Early intervention for psychosis has the potential to identify and improve the outcome for individuals who meet clinical high-risk state for psychosis (CHR-P) or first-episode psychosis (FEP) criteria, but most individuals with CHR-P who later develop psychosis are not currently detected during the prodromal phase [77]. Most individuals with FEP use web-based resources, and 76% responded favorably to the possibility of receiving web-based mental health support [78] and so could be identified through web-based approaches [79]. However, such tools need to be appropriate and appealing for this age group—social media and low-threshold entry points may be useful to extend the early intervention approach outside established care pathways [80]. In addition, evidence-based digital tools and resources are needed to guide parents, carers, and the young person’s wider support networks (such as teachers or social workers). Young people also need to be actively involved in coproduction to ensure the highest-quality equitable outcomes [81].

Theme 2: Research Methodology

Current Challenges

A key challenge for all areas of digital mental health is the lack of validated and internationally agreed standards for digital biomarkers or objective behavioral data obtained from patients’ personal devices [6,82]. This means that studies vary in how they assess digital biomarkers and interventions, and in what and how they measure change, engagement, adherence, improvement, or potential harms. For instance, with some exceptions, studies have not examined adverse events [38]. This is needed for safety measurements in digital interventions not only among people with SMI but also in health care more broadly. In 2023, regulatory bodies such as the US Food and Drug Administration (FDA) issued draft guidance outlining how verification and validation of digital health technologies should be approached [83], including some challenges that are more prominent in digital health, such as data privacy and confidentiality. However, a 2023 review of FDA approvals across all domains of health care, including digital health technologies, suggested a lack of scientific rigor across studies and the need for higher-quality research [84]. Because there is significant variability between studies, current research is not easy to replicate or validate, leading to reduced confidence in the results and the robustness of the evidence base supporting digital interventions. In addition, digital mental health research in recent years has focused mainly on reactive interventions that address immediate or short-term needs, whereas longer-term and preventative approaches or time series–aware methods often remain lacking [85].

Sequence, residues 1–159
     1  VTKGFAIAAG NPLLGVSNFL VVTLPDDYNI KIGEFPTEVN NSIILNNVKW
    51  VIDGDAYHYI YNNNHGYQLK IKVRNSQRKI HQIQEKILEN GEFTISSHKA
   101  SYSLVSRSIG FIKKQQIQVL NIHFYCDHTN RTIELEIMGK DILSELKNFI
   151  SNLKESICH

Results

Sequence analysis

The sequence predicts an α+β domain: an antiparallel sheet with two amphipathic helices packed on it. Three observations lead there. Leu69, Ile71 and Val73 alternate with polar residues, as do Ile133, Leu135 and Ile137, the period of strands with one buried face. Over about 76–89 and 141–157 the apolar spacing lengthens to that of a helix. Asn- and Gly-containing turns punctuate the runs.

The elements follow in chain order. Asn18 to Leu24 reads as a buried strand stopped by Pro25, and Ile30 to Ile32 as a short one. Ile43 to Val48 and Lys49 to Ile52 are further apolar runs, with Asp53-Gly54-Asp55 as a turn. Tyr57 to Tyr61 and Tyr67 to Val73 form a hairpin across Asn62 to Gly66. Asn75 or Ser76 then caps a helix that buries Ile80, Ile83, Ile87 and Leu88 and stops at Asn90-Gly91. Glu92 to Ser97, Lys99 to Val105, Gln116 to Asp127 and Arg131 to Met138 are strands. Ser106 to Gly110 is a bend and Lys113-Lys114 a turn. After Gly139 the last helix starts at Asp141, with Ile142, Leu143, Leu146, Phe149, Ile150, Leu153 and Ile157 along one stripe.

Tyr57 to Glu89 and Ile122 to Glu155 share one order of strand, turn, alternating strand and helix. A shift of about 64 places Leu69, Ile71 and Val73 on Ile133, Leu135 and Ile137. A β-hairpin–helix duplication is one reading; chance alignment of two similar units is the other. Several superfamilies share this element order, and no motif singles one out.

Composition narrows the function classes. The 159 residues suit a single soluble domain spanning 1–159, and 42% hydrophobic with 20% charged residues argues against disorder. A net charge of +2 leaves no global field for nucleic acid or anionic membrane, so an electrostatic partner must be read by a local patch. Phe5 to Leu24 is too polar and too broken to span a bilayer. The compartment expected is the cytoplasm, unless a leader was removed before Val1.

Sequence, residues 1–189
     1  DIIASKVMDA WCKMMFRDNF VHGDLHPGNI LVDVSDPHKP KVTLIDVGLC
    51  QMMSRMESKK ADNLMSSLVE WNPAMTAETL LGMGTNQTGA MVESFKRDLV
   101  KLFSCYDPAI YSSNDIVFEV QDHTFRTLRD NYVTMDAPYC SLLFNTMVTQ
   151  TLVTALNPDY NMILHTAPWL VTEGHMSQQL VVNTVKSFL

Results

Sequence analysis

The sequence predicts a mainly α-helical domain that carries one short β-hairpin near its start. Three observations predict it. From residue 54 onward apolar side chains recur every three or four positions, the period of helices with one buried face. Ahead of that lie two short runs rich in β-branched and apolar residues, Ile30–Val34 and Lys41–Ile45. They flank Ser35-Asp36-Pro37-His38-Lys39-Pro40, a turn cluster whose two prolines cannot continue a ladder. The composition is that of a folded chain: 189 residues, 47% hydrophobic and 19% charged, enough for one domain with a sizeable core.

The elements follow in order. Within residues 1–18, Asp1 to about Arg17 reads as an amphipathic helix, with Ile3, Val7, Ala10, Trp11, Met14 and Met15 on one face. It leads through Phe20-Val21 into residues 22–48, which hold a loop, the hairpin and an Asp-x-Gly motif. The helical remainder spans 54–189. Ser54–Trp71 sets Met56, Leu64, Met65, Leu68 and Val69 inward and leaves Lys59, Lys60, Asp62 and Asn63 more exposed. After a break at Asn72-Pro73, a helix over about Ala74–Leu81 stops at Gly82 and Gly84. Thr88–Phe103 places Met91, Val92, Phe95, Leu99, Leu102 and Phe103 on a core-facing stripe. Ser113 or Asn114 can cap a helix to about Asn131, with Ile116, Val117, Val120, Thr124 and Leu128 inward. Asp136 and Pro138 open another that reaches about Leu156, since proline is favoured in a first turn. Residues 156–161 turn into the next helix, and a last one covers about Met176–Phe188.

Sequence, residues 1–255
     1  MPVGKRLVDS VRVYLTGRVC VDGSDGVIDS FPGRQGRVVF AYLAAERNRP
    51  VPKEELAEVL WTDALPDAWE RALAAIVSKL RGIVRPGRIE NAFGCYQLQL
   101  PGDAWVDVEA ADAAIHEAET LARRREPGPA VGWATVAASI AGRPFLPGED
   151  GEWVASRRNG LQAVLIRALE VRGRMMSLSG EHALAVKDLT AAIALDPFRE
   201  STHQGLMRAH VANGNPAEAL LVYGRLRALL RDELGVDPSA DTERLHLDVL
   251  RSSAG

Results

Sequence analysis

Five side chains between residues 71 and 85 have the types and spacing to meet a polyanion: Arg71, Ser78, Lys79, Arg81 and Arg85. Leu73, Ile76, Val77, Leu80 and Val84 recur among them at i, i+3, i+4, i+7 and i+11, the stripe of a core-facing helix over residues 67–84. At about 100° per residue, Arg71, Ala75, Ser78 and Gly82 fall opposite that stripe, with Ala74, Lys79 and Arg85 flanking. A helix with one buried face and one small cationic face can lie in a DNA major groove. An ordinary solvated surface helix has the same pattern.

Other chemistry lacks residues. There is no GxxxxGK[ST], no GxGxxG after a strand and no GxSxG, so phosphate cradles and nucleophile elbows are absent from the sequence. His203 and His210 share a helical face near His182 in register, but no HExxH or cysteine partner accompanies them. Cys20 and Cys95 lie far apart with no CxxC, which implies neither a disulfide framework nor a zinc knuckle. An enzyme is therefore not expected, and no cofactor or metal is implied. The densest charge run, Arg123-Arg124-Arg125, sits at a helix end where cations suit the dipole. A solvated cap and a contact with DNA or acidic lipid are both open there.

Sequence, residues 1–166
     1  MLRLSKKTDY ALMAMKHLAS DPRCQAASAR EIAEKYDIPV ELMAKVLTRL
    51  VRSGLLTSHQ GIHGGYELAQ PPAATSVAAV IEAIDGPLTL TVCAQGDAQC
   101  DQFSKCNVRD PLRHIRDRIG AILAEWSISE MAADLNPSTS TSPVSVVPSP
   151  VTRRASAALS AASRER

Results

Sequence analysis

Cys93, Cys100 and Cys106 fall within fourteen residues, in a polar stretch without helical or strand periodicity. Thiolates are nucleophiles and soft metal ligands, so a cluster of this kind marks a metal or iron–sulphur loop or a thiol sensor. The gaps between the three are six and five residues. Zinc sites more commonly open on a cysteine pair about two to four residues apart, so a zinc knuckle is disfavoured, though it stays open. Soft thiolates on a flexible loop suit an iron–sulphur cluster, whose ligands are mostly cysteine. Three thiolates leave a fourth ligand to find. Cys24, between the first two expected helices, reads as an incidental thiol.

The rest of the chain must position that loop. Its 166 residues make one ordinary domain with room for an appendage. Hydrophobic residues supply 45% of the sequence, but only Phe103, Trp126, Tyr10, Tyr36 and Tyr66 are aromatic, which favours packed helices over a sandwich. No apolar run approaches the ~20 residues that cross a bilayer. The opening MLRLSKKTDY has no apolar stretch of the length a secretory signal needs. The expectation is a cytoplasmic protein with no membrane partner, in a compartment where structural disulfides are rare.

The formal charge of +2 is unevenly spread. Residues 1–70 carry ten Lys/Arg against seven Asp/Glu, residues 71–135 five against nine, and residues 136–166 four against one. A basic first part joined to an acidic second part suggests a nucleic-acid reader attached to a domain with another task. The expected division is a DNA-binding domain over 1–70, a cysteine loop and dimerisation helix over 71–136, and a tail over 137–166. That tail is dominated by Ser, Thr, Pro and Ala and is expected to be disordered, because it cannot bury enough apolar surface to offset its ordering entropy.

Potential Solutions
Agreed Standards for Digital Mental Health Research

Differences regarding study standards and data quality need to be addressed at an international level with agreed standards for studies and their subsequent publication. The homogenization of standards could mitigate fragmented approaches, and regulatory agencies and funders could insist on such standards [86]. This could prompt researchers to align research protocols in digital mental health so that there is transparent reporting of the data collected and the frequency with which they are collected (which would allow for comparison and combination of data sets). This would also facilitate the understanding of the relative usefulness of, for example, particular machine learning paradigms (as these are most accurate on data sets that are similar to those they have been trained on), and this would require separate data processing standards [87,88].